And now we get to one of my favorite traits. The feelings of emptiness. Oh, the joy.
When you’ve felt nothing but emotional pain for a month, trust me, The Great Void of Depression will become a good friend. Everything might be dull and the colors of the world are gone but hey, at least there’s no pain either! I was in the Void a lot. It manifested in me aimlessly playing games 24/7, not tasting anything I ate, and being generally unresponsive.
When it gets to the next level, you start seeing the signs of Dissociation. The person just vanishes, though, of course, normal people won’t notice it. How many times have you stopped to really look at someone when you talk to them? Would you know if your child or spouse was on autopilot? Don’t be so sure, if you said yes. If I had offed myself, it would’ve come as a surprise to my loved ones. I was, after all, a cheery, kindly person.
Splitting is an infamous thing we Borderlines tend to do. It means that our thinking is being done in terms of black and white, either or. Divine or Evil. There’s no middle area whatsoever. If my husband were to tell me he is going away due to the situation getting too much, he obviously hates me. Why else would he leave? People don’t love and leave, do they? Add the twisted perception to the mix and now you have a Borderline who’s effectively been abandoned, and there’s a culprit too. Someone to blame is always nice when you behave atrociously.
This trait combined with the inherent tendency to be emotionally explosive makes us very difficult to deal with. We are paranoid about people leaving us and being bad as well. You can imagine how much fun it is to get into a fight with someone like that. Complete denial of responsibility, a Banshee screaming in your face, cursing you and the hole you crawled out of. Plus the aftermath of crushing self-hatred can lead to all sorts of terribleness.
All of this, of course, makes it very difficult for a Borderline person to hold a healthy relationship. First, we worship our savior, then we curse them as the scum of the earth. And then we love-bomb them as a way to get them to like us again… and so the cycle continues. It’s no doubt exhausting for the ‘normal’ person and can get dangerous too. That being said, please do not feel obligated to stay in a relationship with a person who has BPD. If it is too much, it is too much. And that’s OK.
Talking about notorious things, self-harm has a pretty nicely stamped-out stigma to it. And for a good reason too. A person has to be pretty messed up to ignore their basic survival instincts. But yet, the pain is great, and the promise of relief makes us walk the dark alleys in order to get it. Be it physical harm, drugs, sex… I can tell you anything was better than to remain one more moment in that torment.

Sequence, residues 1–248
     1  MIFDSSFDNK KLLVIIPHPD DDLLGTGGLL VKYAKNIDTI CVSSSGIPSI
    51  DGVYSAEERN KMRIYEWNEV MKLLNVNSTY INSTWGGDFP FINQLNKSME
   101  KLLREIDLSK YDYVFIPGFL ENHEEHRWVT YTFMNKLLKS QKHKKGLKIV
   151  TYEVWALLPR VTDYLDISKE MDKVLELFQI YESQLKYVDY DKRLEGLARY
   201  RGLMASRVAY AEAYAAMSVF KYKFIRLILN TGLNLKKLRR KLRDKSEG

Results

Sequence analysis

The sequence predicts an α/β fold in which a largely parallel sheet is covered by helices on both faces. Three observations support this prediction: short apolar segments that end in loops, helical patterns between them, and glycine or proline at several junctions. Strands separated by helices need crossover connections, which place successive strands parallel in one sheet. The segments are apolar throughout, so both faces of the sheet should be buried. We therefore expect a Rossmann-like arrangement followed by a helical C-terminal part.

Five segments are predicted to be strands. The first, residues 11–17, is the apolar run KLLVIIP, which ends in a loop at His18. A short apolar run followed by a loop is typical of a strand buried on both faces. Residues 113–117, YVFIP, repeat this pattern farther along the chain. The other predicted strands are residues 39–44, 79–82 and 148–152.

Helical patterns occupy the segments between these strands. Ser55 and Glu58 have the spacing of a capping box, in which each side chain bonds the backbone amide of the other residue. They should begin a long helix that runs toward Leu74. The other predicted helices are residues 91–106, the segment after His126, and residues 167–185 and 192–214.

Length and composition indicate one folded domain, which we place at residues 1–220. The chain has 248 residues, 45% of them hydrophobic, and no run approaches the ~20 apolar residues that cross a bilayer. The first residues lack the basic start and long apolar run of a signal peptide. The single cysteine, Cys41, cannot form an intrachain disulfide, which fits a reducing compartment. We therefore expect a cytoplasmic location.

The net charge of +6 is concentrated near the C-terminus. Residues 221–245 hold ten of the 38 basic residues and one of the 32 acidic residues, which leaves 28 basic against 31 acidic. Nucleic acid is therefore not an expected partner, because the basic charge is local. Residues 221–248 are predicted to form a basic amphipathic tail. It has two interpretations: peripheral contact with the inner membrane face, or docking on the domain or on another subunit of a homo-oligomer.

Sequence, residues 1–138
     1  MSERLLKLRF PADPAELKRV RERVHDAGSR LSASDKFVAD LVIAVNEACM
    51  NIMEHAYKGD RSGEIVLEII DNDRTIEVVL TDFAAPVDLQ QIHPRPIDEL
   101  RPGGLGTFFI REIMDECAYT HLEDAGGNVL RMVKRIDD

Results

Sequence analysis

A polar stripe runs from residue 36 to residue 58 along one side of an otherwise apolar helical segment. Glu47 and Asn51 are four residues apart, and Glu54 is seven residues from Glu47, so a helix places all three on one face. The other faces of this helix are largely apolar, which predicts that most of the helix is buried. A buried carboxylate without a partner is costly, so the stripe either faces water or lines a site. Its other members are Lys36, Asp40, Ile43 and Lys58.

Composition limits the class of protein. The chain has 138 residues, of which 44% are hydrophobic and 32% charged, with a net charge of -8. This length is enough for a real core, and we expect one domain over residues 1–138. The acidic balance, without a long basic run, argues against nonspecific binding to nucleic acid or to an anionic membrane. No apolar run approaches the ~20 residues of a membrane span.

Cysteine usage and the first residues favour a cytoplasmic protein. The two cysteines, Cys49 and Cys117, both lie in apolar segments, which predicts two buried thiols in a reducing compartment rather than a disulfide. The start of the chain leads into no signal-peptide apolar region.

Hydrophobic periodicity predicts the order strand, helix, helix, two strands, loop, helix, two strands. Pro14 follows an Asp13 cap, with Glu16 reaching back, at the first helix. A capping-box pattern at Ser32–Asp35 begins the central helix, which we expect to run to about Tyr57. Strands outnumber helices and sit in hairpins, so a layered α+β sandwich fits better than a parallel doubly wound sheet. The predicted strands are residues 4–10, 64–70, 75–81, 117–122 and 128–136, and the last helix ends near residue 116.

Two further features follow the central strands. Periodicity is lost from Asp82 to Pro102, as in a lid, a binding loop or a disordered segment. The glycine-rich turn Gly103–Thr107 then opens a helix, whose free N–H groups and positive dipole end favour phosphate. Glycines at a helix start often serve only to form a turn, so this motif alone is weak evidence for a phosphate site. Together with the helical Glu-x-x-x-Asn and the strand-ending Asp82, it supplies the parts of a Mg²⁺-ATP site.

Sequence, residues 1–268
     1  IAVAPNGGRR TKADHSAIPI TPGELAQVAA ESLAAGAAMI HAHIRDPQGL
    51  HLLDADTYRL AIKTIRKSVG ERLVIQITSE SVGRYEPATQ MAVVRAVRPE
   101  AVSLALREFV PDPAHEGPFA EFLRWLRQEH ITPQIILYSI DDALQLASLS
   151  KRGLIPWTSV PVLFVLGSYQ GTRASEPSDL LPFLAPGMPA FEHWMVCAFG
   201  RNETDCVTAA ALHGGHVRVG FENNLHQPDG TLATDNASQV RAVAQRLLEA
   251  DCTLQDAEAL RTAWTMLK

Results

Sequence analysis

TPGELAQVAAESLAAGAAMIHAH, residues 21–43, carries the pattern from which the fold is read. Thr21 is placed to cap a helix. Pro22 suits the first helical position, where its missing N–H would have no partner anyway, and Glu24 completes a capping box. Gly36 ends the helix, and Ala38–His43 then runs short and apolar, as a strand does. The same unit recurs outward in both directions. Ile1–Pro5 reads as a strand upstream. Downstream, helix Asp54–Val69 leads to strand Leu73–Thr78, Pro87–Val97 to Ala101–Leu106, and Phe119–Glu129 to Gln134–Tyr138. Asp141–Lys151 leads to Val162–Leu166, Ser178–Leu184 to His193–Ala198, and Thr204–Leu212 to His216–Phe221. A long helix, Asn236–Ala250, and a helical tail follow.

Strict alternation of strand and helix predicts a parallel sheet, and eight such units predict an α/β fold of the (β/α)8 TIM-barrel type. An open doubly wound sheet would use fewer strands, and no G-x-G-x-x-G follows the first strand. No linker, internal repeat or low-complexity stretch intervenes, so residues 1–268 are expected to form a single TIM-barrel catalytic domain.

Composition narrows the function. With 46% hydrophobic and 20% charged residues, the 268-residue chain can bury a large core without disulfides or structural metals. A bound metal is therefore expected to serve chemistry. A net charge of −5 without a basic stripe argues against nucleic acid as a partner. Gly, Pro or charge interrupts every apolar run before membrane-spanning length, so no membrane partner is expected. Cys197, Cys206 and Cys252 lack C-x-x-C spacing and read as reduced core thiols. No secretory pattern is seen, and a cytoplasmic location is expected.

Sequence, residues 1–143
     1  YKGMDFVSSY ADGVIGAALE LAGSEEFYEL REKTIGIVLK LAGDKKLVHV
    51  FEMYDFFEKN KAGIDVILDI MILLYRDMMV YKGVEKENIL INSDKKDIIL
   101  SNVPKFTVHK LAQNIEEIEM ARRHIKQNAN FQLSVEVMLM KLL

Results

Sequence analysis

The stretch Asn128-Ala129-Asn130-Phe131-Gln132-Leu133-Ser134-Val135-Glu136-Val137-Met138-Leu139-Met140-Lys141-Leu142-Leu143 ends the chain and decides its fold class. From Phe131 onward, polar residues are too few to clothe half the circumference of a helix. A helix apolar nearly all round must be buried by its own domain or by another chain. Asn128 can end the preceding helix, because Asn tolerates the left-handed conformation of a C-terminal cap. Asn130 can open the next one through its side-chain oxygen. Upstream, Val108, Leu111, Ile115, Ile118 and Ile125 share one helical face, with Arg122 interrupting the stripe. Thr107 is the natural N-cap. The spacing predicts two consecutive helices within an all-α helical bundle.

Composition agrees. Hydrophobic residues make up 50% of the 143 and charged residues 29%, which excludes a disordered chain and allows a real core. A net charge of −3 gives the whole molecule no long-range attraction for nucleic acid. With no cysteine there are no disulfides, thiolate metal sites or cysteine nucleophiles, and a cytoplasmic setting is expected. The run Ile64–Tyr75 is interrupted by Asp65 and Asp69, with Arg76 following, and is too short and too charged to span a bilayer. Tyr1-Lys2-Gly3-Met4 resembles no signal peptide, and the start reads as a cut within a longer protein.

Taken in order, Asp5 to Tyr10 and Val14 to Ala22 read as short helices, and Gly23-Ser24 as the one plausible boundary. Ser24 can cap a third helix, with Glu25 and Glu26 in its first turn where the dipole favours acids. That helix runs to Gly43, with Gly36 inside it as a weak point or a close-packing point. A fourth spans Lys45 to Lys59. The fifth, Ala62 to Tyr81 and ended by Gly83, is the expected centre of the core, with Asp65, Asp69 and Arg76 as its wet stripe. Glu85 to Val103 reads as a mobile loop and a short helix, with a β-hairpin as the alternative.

My self-harming started young. I had seen my then-best friend’s wounds after she used the bread knife on herself. When I began down the path, I was smarter. Who on earth thinks it’s a good idea to use serrated blades anyway? I learned to hide my tools and wounds and only took part in the rituals when I knew I could hide the marks.
The road had an end. A very dark, deep, and no turning back kind of end. I toyed with it, often thinking it would be better if I wasn’t here. No one would miss me, after all, no one cared anyway. I even tried it a few times, with medications and by standing in high places. Yet, every time something stopped me. I couldn’t quite finish the pills before I fell into the Void, or someone called me as I was swaying on the edge. One might be inclined to think the universe was trying to tell me something.
Eventually, I stopped and listened. And here I am, still. A precious life that survived her own stupidity.
Borderline Personality Disorder (BPD) often makes individuals chameleons, expertly adapting to please others, while losing themselves in the process. A common thread among those with BPD is the fear of abandonment, driving desperate and even dangerous actions to avoid loneliness.
Emotional instability, impulsiveness, and extreme reactions are trademarks of BPD, making everyday situations overwhelming and chaotic. The feelings of emptiness and the void of depression often become companions, leading to dissociation and detachment from reality. Splitting – seeing things in black and white, and shifting between idealization and demonization of loved ones – creates tumultuous relationships. Destructive behaviors, like self-harm, often offer temporary relief from raging emotions.
The good news is, that BPD is manageable. All it takes is the courage to take that first step toward understanding yourself.